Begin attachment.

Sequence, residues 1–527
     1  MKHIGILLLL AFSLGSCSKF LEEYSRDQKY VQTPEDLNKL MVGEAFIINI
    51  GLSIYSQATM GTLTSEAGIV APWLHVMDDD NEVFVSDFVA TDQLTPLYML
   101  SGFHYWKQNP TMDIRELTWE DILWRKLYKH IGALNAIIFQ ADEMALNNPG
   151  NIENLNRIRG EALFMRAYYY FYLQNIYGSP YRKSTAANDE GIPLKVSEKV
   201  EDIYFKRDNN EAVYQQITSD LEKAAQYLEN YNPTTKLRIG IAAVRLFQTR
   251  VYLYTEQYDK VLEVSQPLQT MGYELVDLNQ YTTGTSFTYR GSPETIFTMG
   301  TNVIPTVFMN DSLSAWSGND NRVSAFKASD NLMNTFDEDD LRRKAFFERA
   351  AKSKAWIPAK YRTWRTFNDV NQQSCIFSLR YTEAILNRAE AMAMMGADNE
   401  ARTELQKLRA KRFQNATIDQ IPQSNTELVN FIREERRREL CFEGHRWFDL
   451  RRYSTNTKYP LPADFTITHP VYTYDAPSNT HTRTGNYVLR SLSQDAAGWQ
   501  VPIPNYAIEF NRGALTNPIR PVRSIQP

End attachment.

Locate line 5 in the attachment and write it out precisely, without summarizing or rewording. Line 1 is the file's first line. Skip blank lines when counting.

   151  NIENLNRIRG EALFMRAYYY FYLQNIYGSP YRKSTAANDE GIPLKVSEKV